Cleantech 2010 Top 10 Predictions

My good friends over at Cleantech Group put out their 10 for 2010 cleantech predictions after Thanskgiving, and after our usual “webside” chats on the future of the sector, chastened me into responding with a set of counter predictions. What’s in store for cleantech 2010?

1. Private capital recovers. Nick Parker predicts that private capital will recover and we’ll see global cleantech fundraising set records. I like this prediction, and hopefully for more than just projecting the results I’d like to see. But it does feel like a lot of cash on the sidelines, a lot of policy beginning to bite and drive demand, and few other exciting places to put cash. And according to the Cleantech Group who has more data on it than anyone else, the fundraisings are gearing up.

2. Carbon Rules – One of the Cleantech Group’s longtime theses has been on the increasing interaction between different commodities (like water and energy and carbon), and they predict 2010 is the year the “non carbon” commodities come to the forefront and the commodity tradeoff debate intensifies. I call this one a bust. It’s all about carbon. 2010-2013 is the start of 4 years of carbon mashup. We’ll spend it dealing with fallout from Copenhagen, wringing the last drops from Kyoto, beginning in the US to commence planning to handle the EPA reporting rules and the to be finalized in 2010 CARB rules in California, and new EPA regulations and maybe, just maybe, our own private cap and trade scheme. Water still won’t yet matter. But we may finally get a picture on how much the carbon overlay on energy will end up biting. And part of the reason I’m calling this a bust is we’ll still be in a viciously flat to weak economy in 2010, which means definitely energy, along with most commodity prices, are more likely to be deflationary not inflationary. And when commodity demand is weak, the interactions bite less.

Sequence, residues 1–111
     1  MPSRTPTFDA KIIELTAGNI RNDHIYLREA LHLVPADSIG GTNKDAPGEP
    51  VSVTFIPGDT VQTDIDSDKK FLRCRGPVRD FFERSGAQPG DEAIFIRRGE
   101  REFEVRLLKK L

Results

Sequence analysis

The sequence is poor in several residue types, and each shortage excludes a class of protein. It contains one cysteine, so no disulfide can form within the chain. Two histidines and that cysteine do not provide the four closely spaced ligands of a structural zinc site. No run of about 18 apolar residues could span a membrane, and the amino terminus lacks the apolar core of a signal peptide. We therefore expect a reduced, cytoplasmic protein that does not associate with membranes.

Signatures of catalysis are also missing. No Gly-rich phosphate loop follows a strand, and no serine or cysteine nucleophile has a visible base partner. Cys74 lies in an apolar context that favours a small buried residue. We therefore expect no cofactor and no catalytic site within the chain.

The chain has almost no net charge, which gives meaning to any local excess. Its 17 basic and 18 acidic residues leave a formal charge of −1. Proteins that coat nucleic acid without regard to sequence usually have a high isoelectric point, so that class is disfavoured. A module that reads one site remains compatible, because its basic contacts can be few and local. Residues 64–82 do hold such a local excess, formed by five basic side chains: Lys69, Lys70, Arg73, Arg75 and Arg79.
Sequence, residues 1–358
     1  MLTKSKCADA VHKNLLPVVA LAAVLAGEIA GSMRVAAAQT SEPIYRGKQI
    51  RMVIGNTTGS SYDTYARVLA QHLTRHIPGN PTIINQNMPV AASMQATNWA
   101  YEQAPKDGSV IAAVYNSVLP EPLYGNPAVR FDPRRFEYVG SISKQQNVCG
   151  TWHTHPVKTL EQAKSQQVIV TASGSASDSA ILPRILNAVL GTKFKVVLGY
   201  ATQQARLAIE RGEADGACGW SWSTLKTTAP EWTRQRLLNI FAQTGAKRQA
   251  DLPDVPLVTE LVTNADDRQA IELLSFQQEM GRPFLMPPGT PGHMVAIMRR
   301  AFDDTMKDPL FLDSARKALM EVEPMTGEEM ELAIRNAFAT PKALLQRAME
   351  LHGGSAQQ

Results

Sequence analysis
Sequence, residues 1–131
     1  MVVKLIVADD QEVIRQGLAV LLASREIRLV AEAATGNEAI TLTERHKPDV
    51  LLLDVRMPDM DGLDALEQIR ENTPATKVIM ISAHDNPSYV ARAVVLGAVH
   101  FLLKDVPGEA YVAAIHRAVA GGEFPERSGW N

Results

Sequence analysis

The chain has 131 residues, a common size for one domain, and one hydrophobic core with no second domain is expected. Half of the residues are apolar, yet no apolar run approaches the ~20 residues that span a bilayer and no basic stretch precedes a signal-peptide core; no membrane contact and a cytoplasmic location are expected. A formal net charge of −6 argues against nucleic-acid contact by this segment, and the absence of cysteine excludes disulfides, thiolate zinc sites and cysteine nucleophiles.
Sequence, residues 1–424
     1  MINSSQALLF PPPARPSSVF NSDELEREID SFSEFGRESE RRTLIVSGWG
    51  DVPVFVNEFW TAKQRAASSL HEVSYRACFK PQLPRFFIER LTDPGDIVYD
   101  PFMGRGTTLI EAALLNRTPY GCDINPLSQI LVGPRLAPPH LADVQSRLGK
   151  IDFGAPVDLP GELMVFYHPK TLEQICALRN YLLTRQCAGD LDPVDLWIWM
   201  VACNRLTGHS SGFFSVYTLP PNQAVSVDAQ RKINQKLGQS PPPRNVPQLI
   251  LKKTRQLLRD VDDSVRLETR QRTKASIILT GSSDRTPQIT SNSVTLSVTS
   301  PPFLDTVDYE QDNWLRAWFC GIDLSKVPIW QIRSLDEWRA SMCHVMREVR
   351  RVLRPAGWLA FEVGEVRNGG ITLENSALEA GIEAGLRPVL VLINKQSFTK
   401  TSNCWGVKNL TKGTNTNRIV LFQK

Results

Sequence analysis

3. Energy efficiency eclipses solar. This is a fascinating prediction on Nick’s part, and made me stop and think for a moment. I’m going to cry cautious bust on this one. Solar has carried cleantech almost by itself so far. And I don’t think the run is over. And if my prediction above on weak demand growth for energy holds, it feels like it’s a bit early to start passing the mantle to energy efficiency, which is traditionally late to the party.

4. I will, however, make a call on solar. I will call solar’s emergence into real scale power (RSP) starts in 2010. Real plants, 5MW-100 MW, big enough to produce more than a thimbleful of power. We’ll start to get enough of them globally to get real data on costs and issues at scale. And while RSP for solar is still lilliputianland in real energy, 2010 will be the first year solar starts to run with the big dogs. With the massive demand void left by Spain to fill, and the industry learning how to take costs out like a real manufacturing sector does, now we find out if solar’s got game. And I think we’ll find it will, but it’s going to end the year feeling a little battered and bruised on 2010 playground.

5. And I’ll make another call on smart grid. Real business, M&A, and maybe even an IPO or two by 3Q or 4Q. Ignore energy efficiency, smart grid will matter in 2010.

6. Biofuels bust. The last petal of the last bloom off the biofuel rose falls by the anniversary of Pearl Harbor in 2010. The cleantech investment community will finally figure out that small scale experiments in pretty labs do not a business make, and that they don’t have the horsepower, expertise, or balance sheet to play this big boy game.

In short, I believe that 2010 does mark a watershed year in cleantech. The blue norther of the GFC, as the Australians all refer to the global financial crisis, has slammed straight into a rising warm air mass of cleantech and renewable energy policy, and forced cleantech to grow up. So maybe, just maybe to quote Winston Churchill, for cleantech it’s not the end, and not even the beginning of the end, but it is perhaps, the end of the beginning.

Neal Dikeman is a partner at merchant bank Jane Capital Partners, and is Chairman of Carbonflow and